Though there wasn’t enough time for detailed evaluation of the compounds, the high-grip surface and mild temperatures meant all three appeared to be working well, with only graining on the softs a potential problem, as transpired to be the case.
Aside from the technical aspects of the weekend, the lack of practice — particularly on a new circuit — meant qualifying rewarded drivers prepared to risk more than their rivals. Few had pushed to the limit during practice owing to the high price a crash would exact so near to qualifying, and those who dared to reach for the edge of grip in qualifying won big.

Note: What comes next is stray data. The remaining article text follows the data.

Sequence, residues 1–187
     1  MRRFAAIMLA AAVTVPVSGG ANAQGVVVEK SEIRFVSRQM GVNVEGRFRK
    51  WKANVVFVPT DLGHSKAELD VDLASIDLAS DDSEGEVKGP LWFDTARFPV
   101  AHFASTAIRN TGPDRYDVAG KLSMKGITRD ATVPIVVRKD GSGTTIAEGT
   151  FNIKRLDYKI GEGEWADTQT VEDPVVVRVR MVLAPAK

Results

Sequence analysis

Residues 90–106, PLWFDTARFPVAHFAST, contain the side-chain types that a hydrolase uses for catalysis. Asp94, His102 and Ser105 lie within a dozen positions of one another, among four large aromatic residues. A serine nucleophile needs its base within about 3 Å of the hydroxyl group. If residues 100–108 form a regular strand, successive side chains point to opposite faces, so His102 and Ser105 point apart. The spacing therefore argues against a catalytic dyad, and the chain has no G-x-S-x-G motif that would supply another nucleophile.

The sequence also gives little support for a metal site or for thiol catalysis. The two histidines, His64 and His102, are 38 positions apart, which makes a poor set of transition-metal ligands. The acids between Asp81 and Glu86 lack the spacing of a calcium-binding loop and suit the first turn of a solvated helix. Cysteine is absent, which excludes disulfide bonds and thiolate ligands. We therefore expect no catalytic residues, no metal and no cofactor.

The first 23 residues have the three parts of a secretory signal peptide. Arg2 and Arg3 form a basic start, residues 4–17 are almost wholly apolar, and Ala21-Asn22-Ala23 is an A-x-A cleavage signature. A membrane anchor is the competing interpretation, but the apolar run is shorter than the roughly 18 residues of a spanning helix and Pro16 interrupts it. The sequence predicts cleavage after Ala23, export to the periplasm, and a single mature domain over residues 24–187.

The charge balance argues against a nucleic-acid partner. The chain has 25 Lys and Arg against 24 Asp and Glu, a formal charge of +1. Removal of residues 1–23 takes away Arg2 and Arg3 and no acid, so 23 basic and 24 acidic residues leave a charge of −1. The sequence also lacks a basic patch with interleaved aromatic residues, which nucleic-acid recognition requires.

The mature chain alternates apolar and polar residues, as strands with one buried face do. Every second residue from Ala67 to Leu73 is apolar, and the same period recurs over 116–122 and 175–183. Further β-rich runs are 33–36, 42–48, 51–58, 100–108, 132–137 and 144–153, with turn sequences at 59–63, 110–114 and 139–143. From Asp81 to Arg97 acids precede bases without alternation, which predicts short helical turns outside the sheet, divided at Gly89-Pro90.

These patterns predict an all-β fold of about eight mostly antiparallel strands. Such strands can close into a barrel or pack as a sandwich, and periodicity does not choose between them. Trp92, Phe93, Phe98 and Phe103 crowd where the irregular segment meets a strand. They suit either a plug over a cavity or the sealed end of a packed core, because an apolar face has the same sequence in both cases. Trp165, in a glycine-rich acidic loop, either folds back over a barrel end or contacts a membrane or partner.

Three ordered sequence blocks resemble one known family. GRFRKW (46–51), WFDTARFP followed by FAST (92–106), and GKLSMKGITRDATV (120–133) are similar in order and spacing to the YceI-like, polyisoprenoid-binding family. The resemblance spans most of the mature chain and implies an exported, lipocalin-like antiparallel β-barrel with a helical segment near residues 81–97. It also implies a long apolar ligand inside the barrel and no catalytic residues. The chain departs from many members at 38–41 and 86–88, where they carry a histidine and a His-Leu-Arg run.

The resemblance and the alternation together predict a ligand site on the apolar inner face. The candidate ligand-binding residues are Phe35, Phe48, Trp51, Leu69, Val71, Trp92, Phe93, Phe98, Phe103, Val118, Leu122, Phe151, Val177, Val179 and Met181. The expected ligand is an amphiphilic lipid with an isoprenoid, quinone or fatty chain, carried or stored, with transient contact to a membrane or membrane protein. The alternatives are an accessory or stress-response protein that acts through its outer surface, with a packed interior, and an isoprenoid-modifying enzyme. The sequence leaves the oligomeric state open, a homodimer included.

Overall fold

Bottas took pole with a lap that left him shaking afterwards whereas Hamilton wasn’t able to piece his final flyer together. Max Verstappen qualified third to complete a top three all starting on medium tyres.
Among other teammates the divergence in confidence was starker: Daniel Ricciardo and Charles Leclerc started seven places ahead of Esteban Ocon and Sebastian Vettel respectively, while Sergio Perez was four places ahead of Lance Stroll.
Bottas seemed certain to carry that momentum through to a race that was forecast to feature little overtaking owing to the high-speed nature of the narrow track, and his perfect getaway should have been 90 per cent of the job done, especially when Hamilton alongside him suffered too much wheelspin that dropped him to third behind Max Verstappen.